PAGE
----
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1835.]
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SALT-LAKE.

While staying in this upper region, we lived entirely upon tortoise-meat: the breast-plate roasted (as the Gauchos do carne con cuero), with the flesh on it, is very good; and the young tortoises make excellent soup; but otherwise the meat to my taste is indifferent.

One day we accompanied a party of the Spaniards in their whale-boat to a salina or lake from which salt is procured. After landing, we had a very rough walk over a rugged field of recent lava, which has almost surrounded a tuff-crater, at the bottom of which the salt-lake lies. The water is only three or four inches deep, and rests on a layer of beautifully crystallized, white salt. The lake is quite circular, and is fringed with a border of bright green succulent plants; the almost precipitous walls of the crater are clothed with wood, so that the scene was altogether both picturesque and curious. A few years since, the sailors belonging to a sealing-vessel murdered their captain in this quiet spot; and we saw his skull lying among the bushes.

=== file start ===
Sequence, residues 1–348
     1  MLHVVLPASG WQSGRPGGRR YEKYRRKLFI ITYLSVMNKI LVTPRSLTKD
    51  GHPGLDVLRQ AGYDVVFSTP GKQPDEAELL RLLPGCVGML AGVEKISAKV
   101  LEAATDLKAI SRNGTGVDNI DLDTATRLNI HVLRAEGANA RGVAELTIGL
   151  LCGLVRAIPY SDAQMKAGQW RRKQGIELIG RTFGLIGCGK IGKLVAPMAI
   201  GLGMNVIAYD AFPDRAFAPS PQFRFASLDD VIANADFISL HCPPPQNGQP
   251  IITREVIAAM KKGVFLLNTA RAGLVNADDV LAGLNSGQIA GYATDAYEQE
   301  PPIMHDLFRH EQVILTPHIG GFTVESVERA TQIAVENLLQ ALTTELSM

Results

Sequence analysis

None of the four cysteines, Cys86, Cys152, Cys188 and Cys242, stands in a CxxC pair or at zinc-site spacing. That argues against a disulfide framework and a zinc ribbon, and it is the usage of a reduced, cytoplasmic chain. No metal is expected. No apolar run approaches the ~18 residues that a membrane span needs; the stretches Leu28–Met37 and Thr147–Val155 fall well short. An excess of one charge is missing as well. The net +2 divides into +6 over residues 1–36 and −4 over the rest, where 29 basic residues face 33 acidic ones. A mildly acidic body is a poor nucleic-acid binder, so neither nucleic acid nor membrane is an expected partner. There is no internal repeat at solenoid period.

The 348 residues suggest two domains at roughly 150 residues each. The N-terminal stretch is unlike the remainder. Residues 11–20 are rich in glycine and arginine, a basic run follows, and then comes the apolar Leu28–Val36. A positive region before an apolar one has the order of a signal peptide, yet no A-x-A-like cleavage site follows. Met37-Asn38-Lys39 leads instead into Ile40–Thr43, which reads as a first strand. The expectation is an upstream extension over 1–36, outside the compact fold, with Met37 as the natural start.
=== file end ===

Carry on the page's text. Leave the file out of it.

During the greater part of our stay of a week, the sky was cloudless, and if the trade-wind failed for an hour, the heat became very oppressive. On two days, the thermometer within the tent stood for some hours at 93°; but in the open air, in the wind and sun, at only 85°. The sand was extremely hot; the thermometer placed in some of a brown colour immediately rose to 137°, and how much above that it would have risen, I do not know, for it was not graduated any higher. The black sand felt much hotter, so that even in thick boots it was quite disagreeable to walk over it.

 

The natural history of these islands is eminently curious, and well deserves attention. Most of the organic productions are aboriginal creations, found nowhere else; there is even a difference between the inhabitants of the different islands; yet all show a marked relationship with those of America, though separated from that continent by an open space of ocean, between 500 and 600 miles in width. The archipelago is a little world within itself, or rather a satellite attached to America, whence it has derived a few stray colonists, and has received the general character of its indigenous productions. Considering the small size of these islands, we feel the more astonished at the number of their aboriginal beings, and at their confined range. Seeing every